Remembering Loretta Crites and other stalwarts of community journalism

The following column by Aegis and Record Editorial Page Editor Jim Kennedy was published on Jan. 15, 2010, following the retirement of The Record's longtime Aberdeen columnist Mary Loretta Crites. Mrs. Crites died July 12 at age 93.

Over the years, hardly a month has gone by when I haven't received a phone call or two from Loretta Crites, stalwart community correspondent for Aberdeen.


She's called to get a late item into print to ensure that readers of The Record would be informed about an upcoming event. She's called to make a change after finding out a time, date or spelling was incorrect in what she initially submitted. She's called to complain and congratulate or to ask why something was cut or changed. And, on occasion, just to say, "Hi."

It came as no surprise when I picked up the phone a few weeks ago and I heard her familiar voice on the line. What she said, however, did come as a surprise. She said she was going to give up writing the Aberdeen community column for this newspaper.


Mrs. Crites has been writing the Aberdeen community notes column – announcing birthdays and anniversaries, highlighting special events, lamenting sadness and ending each one with a little snippet of wit or wisdom – since before I started working for The Record, which was in April of 1988.

In the time I've been dealing with her, I came to know her as being concerned about making sure the Aberdeen community column got in the paper, so I know by the time she had called me, she had given a fair amount of thought to not writing it anymore. But family commitments, as they should be, are of much higher priority, and she just isn't able to commit to both these days.

Curious though it may seem, I have to say I've learned an awful lot about news from Loretta Crites and the other community columnists. When I graduated from college and knew everything there was to know, I had a very particular idea of what news is. As I've come to learn over the years, just about everyone has his or her own idea of what news is, and, just as importantly, what news isn't.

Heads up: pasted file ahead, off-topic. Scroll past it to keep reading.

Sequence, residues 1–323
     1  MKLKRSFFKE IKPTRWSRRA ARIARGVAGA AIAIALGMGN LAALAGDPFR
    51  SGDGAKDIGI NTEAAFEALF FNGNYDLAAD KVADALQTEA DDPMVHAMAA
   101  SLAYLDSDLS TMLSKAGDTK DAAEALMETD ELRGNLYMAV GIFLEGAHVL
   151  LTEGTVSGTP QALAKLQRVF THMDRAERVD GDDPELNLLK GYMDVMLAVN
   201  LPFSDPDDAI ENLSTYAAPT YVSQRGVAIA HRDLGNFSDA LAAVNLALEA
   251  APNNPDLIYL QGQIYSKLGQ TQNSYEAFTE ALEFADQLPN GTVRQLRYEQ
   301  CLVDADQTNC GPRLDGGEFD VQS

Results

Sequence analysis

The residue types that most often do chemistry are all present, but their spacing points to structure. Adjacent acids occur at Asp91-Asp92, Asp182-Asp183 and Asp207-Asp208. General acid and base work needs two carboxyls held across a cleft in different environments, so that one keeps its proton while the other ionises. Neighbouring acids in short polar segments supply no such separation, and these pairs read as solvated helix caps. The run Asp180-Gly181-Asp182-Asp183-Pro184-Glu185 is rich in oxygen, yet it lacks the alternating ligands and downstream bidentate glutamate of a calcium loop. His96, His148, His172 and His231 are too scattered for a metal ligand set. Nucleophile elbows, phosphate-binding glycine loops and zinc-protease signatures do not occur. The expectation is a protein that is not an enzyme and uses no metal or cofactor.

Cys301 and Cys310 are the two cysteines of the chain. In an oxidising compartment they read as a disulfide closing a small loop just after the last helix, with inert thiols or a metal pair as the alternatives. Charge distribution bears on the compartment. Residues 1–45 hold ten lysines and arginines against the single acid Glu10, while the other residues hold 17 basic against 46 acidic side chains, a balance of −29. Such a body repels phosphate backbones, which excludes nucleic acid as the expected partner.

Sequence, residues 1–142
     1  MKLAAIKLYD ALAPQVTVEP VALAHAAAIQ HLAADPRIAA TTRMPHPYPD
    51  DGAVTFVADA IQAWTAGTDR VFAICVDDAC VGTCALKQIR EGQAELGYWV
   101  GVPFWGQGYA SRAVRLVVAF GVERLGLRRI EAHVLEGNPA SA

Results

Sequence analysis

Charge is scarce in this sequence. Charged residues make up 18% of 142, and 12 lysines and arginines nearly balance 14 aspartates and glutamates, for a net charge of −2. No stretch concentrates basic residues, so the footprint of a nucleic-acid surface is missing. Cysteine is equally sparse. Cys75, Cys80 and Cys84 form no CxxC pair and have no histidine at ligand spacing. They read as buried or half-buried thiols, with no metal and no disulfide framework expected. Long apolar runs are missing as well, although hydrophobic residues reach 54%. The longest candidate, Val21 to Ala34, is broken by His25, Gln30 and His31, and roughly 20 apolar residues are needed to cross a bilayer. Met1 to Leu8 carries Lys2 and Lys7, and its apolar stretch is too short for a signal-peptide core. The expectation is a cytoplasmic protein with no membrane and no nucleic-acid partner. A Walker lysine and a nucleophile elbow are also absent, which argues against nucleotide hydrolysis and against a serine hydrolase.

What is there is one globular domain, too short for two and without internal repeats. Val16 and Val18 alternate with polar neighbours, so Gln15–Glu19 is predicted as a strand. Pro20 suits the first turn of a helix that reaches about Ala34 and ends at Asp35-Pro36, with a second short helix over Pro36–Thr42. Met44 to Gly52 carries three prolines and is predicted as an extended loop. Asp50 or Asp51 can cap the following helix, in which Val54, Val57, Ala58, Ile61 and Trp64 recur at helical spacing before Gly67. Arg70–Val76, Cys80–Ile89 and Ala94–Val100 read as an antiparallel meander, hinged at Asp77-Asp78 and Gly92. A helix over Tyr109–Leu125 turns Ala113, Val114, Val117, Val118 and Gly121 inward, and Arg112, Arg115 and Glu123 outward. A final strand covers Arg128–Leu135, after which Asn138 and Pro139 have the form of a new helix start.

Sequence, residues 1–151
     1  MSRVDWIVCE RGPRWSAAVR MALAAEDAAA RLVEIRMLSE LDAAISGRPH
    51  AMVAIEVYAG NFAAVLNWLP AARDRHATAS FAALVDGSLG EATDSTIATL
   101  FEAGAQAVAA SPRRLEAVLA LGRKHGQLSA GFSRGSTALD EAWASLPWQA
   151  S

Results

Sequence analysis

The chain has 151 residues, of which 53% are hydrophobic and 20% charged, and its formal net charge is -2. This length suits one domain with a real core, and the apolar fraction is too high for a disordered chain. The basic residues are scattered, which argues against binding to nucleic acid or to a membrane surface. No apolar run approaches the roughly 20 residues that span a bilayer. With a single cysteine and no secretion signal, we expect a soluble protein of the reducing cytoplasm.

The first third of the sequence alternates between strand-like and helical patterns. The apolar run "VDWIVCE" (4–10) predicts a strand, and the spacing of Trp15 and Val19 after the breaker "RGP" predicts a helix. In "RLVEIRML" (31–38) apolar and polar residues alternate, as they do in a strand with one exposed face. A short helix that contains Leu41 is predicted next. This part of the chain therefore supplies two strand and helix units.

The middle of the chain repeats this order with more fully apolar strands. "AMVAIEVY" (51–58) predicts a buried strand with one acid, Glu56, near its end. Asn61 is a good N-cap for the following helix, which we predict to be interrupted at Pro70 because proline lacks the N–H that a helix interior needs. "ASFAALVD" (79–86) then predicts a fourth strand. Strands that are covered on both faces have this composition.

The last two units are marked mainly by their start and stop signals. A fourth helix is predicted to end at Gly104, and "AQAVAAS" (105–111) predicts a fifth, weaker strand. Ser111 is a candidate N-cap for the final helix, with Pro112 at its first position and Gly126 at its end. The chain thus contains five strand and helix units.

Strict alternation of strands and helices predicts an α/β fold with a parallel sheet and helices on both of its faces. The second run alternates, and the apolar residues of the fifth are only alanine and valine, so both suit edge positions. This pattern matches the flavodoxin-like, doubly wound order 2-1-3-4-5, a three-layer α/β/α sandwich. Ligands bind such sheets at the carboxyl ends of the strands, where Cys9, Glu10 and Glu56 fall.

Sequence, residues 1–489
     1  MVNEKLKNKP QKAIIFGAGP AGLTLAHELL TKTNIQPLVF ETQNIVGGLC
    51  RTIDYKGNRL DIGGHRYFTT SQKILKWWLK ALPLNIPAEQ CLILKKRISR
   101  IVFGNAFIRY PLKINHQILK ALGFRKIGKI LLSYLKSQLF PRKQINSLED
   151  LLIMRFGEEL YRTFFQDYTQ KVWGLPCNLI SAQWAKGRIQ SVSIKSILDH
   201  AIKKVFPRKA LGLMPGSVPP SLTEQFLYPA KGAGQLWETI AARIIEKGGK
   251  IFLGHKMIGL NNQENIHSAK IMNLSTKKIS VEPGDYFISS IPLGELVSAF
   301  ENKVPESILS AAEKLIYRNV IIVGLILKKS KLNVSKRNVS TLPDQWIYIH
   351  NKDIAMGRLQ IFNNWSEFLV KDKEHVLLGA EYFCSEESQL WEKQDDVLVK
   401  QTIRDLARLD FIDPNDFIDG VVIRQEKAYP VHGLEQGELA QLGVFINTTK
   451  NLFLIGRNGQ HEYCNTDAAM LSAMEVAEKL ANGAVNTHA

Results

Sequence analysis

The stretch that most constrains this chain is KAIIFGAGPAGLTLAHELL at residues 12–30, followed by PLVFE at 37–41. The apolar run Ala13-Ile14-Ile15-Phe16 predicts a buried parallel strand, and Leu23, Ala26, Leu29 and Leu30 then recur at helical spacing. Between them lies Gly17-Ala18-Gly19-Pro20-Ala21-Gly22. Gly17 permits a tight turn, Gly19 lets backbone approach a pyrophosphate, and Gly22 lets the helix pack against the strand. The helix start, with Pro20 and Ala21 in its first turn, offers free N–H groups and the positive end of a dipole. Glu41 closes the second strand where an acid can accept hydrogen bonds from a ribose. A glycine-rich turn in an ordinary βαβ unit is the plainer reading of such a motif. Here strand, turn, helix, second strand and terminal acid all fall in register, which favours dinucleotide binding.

So is it really news that someone is celebrating a birthday or anniversary? It is if you know the person and didn't know that person was celebrating a birthday. It may not rise to the level of being something everyone on earth is interested in, but when you're putting together a newspaper for a community of a few thousand people, it's the little things like birthdays and anniversaries that make a big difference.

Way back when, though, I was puzzled by the community columns. I asked my dad, who worked for more than 30 years as a social studies teacher. Early in his career, as it turned out, he had been put in charge of a student newspaper. The previous faculty advisor had moved on, and he was volunteered for the task because no one else wanted it.

The previous incarnation of the newspaper had been one that was very polished for its day, but it didn't contain much information and it was published only once or twice a year. And it was expensive.

When my dad took it over, he told me, he told all the kids who signed up for newspaper staff to go out and talk to their friends, and come back and write up what was going on in the school. This hallway news was typed up and put together weekly, printed on a Mimeograph machine and copies were sold for a nickel or dime each (I'm not sure which) and the weekly publication became the talk of the school. And it went from losing money, to making a little bit. (It's always worth remembering that newspapers are businesses and businesses are there to make money.)

News, as it turns out, is information you tell someone who then responds, "That's news to me."


Foolishly, I'd forgotten the first thing they teach in all communications classes in coming up with my more high-end definition of news. That first lesson: know who you're talking to.

This is where another person who helped me greatly early on in my professional development comes into the picture, Hal Willard, whose obituary we published in this paper last week.

Whenever Hal, a copy editor with big city and worldwide experience, read a story turned in by a reporter and that reporter was worried about how a source would react to the story, Hal could care less.

According to Hal, your responsibility as a news reporter is not to your sources – though you have a responsibility to treat them fairly – but to your readers. In other words, you have to know who you're talking to.

Luckily, thanks to the likes of Loretta Crites, the late Carol Donaldson, who wrote the Havre de Grace community column for The Record for a number of years, Hal Willard and probably two dozen other kind folks who treated me with patience, I've come to a much better understanding of what constitutes real news.

Real news is what people want to know.